Khalid Sheikh Mohammed, the self-proclaimed mastermind of 9/11, and four alleged co-conspirators are being arraigned today in a special court in Guantanamo Bay, the US military camp in Cuba.
Among those in the courtroom will be six people who lost family in the attacks. They arrived at the base last night after being selected by lottery.
“It’s surreal but it’s reality and it’s been reality for the last 10 years,” said Edward Bracken who lost a sister. “So to be able to see those people tomorrow, it’s a lot of closure. You hear about them, you see the sketches. I’m going to see the people that killed my sister face to face.”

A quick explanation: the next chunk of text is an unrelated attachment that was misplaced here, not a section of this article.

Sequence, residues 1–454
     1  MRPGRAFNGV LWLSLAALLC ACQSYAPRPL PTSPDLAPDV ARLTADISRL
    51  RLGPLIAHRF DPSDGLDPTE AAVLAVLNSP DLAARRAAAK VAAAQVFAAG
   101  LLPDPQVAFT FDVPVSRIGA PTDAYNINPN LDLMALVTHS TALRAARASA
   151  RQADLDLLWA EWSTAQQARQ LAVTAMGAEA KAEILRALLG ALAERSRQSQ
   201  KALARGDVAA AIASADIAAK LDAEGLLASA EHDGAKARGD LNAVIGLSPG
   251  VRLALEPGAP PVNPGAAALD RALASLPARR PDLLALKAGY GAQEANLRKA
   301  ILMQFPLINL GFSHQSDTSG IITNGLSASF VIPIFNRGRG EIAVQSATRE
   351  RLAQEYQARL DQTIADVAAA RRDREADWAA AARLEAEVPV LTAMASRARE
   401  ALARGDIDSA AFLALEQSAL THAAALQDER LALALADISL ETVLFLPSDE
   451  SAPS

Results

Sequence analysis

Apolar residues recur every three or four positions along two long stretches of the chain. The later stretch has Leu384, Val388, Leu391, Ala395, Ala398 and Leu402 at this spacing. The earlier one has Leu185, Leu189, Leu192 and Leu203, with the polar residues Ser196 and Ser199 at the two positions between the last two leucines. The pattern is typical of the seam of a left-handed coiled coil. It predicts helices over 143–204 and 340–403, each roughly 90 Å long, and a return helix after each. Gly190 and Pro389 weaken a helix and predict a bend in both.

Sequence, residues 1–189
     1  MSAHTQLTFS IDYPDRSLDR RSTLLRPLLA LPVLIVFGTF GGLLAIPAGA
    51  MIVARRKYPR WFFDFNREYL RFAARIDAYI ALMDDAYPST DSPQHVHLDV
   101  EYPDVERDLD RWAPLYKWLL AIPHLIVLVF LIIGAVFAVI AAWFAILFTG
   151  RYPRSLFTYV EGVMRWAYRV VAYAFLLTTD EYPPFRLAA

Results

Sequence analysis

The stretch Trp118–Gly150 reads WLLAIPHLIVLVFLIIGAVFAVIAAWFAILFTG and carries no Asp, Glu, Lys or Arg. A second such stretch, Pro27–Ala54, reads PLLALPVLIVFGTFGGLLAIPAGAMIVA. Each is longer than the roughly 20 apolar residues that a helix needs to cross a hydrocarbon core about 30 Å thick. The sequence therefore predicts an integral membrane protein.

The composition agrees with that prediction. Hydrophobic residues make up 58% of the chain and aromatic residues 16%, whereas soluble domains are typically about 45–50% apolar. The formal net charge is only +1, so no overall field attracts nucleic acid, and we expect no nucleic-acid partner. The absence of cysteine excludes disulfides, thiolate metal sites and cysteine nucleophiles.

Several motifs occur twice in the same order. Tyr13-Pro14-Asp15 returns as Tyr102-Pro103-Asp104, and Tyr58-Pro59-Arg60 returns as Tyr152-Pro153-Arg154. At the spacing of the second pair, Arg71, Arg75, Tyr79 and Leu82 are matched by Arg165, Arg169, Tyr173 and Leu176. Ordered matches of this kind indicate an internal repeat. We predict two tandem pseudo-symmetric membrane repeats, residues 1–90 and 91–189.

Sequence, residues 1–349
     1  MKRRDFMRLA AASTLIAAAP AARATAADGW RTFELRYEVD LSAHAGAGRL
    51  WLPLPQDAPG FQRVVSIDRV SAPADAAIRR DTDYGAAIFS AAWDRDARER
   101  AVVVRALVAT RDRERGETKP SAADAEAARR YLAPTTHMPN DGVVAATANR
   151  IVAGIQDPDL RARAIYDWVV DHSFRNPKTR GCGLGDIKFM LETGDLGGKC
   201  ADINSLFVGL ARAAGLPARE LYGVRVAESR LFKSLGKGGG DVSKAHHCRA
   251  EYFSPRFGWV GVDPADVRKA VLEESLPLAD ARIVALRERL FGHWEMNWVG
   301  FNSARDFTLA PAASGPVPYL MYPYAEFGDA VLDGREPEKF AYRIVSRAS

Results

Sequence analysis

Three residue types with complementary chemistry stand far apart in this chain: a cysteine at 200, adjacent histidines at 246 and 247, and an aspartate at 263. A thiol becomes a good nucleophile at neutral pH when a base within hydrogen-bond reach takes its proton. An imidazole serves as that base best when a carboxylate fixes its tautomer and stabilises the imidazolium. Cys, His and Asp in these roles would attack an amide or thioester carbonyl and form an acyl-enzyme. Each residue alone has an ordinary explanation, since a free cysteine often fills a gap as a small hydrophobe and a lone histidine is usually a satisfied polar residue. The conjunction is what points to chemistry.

The defendants face a series of charges which could carry the death penalty but defence lawyers question the fairness of the process and say all five men were held in secret CIA prisons and tortured.
The military commission, as the court is offically known, has also been criticised as being a second class system rigged to convict.
The Obama administration had sought to move the case to New York, just a few blocks from where the twin towers used to stand, but political and public opposition proved too great.
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